My client's services are for childhood educators but not necessarily for children themselves. This was the biggest struggle shet had experienced with defining her personal branding: How to capture the childlike energy of her work while still marketing to adults.

Ultimately I crafted a brand kit that balances youthful creative energy with touches of simple, elegant design. Values forward! Just like research indicated that the users are seeking.

Jennifer takes inspiration from her own acting career, her students, and creative storytelling like picture books. We used some of those same things for a mood board.
An elegant display serif balances and tempers the energetic logo mark.
Oranges and yellows are the colors that help the client feel most like herself so it was important to include them as part of the design.
Jennifer sparks creativity and imagination in others. That passion was the inspiration for this logo!

Finishing the Hat

With a clear brand image defined I crafted high fidelity, testable prototypes. I developed these screens concurrently for desktop and mobile to ensure a seamless and responsive experience with the product.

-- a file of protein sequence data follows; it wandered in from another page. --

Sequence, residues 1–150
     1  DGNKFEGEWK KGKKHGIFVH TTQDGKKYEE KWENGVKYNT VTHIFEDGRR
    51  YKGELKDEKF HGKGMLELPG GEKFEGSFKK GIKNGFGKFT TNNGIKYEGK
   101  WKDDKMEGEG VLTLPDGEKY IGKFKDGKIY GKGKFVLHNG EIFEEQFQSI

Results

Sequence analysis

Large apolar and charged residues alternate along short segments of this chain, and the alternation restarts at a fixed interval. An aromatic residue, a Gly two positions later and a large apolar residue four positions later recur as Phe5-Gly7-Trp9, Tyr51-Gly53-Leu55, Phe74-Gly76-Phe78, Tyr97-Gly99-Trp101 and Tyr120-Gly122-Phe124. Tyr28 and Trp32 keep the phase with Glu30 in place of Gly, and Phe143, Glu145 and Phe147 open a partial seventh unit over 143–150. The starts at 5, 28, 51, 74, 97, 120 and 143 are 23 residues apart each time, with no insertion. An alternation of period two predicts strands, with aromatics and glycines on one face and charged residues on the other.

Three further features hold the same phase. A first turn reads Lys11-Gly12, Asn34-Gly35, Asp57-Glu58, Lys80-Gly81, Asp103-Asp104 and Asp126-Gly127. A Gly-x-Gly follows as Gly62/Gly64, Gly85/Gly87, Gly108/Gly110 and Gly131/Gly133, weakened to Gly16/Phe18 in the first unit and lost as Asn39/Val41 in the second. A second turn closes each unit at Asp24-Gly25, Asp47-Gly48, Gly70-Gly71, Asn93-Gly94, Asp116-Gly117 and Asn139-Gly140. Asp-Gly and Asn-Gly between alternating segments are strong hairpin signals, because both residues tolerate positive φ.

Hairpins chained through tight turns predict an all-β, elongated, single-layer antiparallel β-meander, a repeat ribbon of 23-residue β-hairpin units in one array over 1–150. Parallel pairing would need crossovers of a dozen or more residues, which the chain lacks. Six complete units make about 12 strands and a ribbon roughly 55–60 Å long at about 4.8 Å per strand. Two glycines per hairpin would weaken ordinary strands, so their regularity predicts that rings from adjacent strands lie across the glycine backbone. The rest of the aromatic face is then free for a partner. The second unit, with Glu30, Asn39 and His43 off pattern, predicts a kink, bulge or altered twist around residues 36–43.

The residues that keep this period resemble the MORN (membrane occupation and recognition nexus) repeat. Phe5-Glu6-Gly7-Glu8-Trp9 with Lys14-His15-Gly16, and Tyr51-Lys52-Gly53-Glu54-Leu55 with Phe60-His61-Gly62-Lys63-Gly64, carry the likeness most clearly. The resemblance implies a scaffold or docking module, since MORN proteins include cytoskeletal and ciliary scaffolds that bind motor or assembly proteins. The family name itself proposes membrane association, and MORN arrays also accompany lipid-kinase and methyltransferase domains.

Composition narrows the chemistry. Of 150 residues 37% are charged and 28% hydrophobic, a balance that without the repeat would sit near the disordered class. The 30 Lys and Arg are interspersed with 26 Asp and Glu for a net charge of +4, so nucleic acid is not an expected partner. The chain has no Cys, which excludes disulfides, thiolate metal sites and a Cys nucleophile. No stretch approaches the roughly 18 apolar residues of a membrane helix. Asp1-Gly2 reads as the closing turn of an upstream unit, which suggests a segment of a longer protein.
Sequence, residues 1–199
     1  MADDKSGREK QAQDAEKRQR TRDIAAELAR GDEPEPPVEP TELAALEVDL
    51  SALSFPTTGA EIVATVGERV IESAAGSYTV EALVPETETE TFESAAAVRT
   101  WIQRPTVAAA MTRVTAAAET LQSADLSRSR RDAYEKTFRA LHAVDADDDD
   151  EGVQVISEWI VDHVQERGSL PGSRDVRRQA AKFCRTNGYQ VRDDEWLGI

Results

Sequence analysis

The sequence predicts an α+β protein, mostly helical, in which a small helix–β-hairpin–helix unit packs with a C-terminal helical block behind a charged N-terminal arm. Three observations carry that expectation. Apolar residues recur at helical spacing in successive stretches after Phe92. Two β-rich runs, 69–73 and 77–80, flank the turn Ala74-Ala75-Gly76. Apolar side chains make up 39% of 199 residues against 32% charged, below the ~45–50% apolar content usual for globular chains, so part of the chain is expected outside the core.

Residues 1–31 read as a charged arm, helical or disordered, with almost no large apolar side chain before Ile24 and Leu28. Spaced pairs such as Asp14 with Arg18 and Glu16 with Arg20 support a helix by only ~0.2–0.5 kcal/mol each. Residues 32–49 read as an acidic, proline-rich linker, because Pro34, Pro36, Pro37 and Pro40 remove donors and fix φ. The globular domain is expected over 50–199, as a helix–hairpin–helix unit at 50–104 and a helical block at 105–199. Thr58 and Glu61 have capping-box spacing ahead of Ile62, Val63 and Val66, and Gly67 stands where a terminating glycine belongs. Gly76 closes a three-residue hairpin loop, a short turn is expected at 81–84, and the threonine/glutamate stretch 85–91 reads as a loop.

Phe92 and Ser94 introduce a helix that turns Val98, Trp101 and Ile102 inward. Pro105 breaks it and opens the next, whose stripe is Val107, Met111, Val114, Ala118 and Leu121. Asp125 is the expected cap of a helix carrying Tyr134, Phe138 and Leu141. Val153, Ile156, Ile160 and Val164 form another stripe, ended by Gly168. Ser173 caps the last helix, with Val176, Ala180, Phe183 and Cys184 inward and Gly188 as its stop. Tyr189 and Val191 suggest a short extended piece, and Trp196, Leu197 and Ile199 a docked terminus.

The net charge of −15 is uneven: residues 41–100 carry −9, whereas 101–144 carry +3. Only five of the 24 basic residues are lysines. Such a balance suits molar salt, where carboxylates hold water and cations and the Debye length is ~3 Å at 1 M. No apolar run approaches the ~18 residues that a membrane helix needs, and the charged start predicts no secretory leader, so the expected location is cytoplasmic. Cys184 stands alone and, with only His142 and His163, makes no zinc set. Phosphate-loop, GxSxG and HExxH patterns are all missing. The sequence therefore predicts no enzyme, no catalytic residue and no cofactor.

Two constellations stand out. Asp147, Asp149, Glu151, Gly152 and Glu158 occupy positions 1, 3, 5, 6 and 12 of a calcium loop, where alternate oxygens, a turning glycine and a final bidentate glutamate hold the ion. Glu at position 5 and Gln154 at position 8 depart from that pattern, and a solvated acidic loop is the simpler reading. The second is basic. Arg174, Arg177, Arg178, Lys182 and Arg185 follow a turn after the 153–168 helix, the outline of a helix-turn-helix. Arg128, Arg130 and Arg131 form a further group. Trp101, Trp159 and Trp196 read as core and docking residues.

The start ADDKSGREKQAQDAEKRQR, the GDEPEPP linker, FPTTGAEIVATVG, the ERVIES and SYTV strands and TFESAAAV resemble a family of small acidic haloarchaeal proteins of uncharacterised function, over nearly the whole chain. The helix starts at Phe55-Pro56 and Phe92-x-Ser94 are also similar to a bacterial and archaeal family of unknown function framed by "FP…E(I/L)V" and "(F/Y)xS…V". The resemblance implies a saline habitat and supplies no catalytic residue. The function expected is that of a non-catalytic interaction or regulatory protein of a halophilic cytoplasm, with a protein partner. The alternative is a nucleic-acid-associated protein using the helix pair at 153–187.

Get to know Jennifer and learn about her background as an educator. While these screen aren't part of the testing flow they are important for our users to are hoping to find a professional development teacher with relevant experience who is a good value match! 

Workshop Offerings

Browse Jennifer's regular reoccurring workshops at a glance to find the one thats right for you.

Variable Contact

Interested in offerings outside of Jennifer's regularly scheduled virtual workshops? Ample "contact me" CTAs throughout the site give potential clients the opportunity to learn more.

Key Screen

Anatomy of a homepage

We lead in with an SEO friendly H1 and a quote that speaks to her values as a teacher.
We kept the service offerings front and center on home rather than buried on a subpage.
It was important to the client that people have clear and repeated opportunities to reach out to her for more information.

We included a contact form in the footer of most pages.